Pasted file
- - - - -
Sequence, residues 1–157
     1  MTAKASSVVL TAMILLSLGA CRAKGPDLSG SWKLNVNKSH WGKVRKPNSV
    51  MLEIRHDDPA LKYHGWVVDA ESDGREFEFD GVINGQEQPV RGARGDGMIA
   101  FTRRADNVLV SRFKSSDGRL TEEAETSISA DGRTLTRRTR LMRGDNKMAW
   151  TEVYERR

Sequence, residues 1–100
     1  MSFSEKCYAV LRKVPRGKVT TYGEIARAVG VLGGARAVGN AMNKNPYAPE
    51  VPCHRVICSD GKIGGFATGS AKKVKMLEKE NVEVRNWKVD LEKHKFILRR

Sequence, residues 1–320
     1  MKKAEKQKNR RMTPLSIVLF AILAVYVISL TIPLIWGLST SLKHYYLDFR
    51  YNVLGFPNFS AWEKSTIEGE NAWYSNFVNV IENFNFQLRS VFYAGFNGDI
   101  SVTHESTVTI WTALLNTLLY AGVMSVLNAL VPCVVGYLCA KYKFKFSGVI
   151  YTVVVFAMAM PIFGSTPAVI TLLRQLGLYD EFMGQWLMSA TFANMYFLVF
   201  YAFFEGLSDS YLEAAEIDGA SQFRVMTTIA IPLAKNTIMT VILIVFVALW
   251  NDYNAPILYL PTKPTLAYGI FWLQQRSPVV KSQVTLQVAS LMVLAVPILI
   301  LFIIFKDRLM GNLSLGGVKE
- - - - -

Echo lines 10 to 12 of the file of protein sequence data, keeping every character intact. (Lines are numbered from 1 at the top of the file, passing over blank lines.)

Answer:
     1  MKKAEKQKNR RMTPLSIVLF AILAVYVISL TIPLIWGLST SLKHYYLDFR
    51  YNVLGFPNFS AWEKSTIEGE NAWYSNFVNV IENFNFQLRS VFYAGFNGDI
   101  SVTHESTVTI WTALLNTLLY AGVMSVLNAL VPCVVGYLCA KYKFKFSGVI